Effects of ursodeoxycholic acid in esophageal motility and the role of the mucosa. An experimental study

Authors


  • Author's contribution:

  • MSR: conception and design, acquisition of data, analysis and interpretation of data, drafting the article, final approval of the version to be published.

  • FAH: conception and design, acquisition of data, analysis and interpretation of data, drafting the article, final approval of the version to be published.

  • JCDG: review for intellectual content, final approval of the version to be published, ATF: review for intellectual content, final approval of the version to be published.

  • CT: acquisition of data, analysis and interpretation of data, final approval of the version to be published.

  • MGP: review for intellectual content, final approval of the version to be published.

  • Grant support:
    Dr Marcelo S. Rocha was supported by a federal governmental grant from Coordenação de Aperfeiçoamento de Pessoal de Nível Superior (CAPES).

Dr Fernando A. M. Herbella, MD, ISDE member, Hospital Sao Paulo, Surgical Gastroenterology, Division of Esophagus and Stomach, Rua Diogo de Faria 1087 cj 301., Sao Paulo, SP 04037-003, Brazil. Email: herbella.dcir@epm.br

SUMMARY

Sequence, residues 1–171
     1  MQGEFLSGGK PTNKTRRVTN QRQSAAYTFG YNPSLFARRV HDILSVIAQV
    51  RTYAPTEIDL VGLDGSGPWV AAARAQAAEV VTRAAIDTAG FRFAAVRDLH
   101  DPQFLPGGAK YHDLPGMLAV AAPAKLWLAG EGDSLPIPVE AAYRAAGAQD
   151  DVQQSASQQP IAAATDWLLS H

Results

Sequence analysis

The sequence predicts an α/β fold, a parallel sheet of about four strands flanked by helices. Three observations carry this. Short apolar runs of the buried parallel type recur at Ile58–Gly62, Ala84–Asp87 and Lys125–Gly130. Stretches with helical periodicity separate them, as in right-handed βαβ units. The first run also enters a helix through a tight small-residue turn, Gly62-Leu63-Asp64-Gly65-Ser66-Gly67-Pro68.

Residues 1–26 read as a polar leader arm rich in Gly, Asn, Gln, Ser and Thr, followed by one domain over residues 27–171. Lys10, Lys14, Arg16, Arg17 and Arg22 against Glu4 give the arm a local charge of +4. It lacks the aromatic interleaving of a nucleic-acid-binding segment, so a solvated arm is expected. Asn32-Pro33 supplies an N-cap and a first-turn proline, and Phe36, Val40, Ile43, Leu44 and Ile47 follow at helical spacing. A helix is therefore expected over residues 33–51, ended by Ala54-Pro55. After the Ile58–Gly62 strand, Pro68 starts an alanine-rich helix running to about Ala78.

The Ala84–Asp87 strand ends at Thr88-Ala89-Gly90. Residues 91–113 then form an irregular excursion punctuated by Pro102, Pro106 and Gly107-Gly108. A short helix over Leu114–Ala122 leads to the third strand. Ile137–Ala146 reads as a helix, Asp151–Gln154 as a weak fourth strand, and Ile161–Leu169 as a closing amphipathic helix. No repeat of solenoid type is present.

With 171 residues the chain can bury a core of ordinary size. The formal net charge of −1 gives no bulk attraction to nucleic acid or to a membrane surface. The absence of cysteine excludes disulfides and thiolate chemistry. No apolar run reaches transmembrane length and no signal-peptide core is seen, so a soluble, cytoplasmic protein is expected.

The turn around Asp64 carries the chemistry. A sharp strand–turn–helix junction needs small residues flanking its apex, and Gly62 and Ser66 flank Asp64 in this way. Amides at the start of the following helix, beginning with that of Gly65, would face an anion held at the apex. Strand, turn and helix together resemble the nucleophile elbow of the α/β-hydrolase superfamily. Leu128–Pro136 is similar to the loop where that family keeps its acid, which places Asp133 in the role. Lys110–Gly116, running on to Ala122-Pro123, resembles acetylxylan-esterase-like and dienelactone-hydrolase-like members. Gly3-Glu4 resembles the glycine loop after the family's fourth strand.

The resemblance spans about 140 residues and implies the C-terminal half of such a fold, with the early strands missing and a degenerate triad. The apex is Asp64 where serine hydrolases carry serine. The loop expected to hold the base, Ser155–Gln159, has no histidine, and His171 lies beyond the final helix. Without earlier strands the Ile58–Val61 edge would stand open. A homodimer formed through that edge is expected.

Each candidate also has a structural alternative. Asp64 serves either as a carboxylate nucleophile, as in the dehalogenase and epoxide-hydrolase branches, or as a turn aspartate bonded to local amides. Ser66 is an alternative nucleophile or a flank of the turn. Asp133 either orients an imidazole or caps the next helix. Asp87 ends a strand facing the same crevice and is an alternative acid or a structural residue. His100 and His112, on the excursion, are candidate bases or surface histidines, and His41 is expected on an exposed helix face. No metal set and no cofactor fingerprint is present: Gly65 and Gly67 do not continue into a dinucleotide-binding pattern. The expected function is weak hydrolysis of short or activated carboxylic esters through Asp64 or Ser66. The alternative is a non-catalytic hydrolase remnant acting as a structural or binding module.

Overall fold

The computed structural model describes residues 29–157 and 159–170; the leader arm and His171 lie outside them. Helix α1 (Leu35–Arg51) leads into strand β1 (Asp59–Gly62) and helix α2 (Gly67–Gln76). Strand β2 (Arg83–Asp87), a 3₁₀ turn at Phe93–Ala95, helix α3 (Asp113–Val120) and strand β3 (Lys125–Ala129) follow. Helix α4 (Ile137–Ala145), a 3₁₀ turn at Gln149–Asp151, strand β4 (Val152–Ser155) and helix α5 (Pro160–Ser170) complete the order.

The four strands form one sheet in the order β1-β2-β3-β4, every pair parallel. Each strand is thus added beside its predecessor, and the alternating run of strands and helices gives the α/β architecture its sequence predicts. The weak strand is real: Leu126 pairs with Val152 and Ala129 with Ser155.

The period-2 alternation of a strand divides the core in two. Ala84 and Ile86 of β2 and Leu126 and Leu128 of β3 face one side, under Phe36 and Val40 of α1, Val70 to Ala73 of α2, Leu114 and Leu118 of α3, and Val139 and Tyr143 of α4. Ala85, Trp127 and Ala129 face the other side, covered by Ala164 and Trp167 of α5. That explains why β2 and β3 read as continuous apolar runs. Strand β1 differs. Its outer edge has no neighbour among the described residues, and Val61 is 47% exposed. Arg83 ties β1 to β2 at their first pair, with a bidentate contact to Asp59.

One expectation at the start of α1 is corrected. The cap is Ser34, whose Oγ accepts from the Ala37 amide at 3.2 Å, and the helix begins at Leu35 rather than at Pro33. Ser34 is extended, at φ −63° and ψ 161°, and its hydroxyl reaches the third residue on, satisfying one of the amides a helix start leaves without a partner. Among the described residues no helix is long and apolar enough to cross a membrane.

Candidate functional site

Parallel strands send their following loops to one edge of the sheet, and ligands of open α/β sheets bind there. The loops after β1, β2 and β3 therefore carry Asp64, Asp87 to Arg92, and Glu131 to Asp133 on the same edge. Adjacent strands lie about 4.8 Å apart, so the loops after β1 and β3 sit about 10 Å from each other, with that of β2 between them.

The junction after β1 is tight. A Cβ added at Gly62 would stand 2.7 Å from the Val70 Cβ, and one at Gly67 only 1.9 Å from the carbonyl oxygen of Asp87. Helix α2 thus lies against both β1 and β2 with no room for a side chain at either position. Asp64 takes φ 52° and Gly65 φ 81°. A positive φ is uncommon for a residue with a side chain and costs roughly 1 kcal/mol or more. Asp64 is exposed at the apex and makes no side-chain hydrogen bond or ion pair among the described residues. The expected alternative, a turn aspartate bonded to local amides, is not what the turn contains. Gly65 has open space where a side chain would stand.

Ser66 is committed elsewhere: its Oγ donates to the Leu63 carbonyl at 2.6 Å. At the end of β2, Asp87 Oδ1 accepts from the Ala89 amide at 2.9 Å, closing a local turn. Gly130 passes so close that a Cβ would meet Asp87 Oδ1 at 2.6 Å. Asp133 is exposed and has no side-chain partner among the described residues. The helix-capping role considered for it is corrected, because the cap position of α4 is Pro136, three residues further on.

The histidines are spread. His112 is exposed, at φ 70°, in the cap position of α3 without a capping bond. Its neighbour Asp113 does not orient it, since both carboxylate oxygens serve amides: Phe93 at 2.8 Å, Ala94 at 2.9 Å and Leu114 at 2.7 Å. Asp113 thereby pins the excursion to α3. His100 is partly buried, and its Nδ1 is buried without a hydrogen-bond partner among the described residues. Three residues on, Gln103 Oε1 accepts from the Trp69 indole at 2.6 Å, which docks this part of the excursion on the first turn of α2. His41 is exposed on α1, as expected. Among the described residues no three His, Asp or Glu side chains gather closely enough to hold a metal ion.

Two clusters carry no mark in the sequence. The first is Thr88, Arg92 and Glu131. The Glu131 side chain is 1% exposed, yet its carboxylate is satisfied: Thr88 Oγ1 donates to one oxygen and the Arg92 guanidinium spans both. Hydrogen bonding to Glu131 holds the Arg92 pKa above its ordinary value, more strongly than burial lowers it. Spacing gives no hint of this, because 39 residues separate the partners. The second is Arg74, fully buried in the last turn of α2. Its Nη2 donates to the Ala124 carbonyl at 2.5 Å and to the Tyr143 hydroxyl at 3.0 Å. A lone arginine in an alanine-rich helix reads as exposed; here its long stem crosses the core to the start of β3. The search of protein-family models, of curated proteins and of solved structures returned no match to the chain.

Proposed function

Esophageal motor abnormalities are frequently found in patients with gastroesophageal reflux disease. The role of bile in reflux-induced dysmotility is still elusive. Furthermore, it is questionable weather mucosal or muscular stimulation leads to motor dysfunction. The aims of this study were to analyze (i) the effect of bile in the amplitude of esophageal contractions; and (ii) the effect of mucosal versus muscular stimulation. Eighteen guinea pig esophagi were isolated, and its contractility assessed with force transducers. Three groups were studied. In group A (n= 6), the entire esophagus was incubated in 100 µmL ursodeoxycholic acid for 1 hour; in group B (n= 6) the mucosal layer was removed and the muscular layer incubated in 100 µmL ursodeoxycholic acid for 1 hour; and in group C (n= 6) (control group) the entire esophagus was incubated in saline solution. In all groups, five sequential contractions induced by 40 mm KCl spaced by 5 minutes were measured before and after incubation. Contractions amplitudes before incubation were 1.319 g, 0.306 g, and 1.795 g, for groups A, B, and C, respectively. There were no differences between groups A and C (P= 0.633), but there were differences between groups A and B (P= 0.039), and B and C (P= 0.048). After incubation amplitude of contraction were 0.709 g, 0.278 g, and 1.353 g for groups A, B, and C, respectively. Only group A showed difference when pre and post-stimulation amplitudes were compared (P= 0.030). Our results show that (i) bile exposure decreases esophageal contraction amplitude; and (ii) the esophageal mucosa seems to play an important role in esophageal motility.

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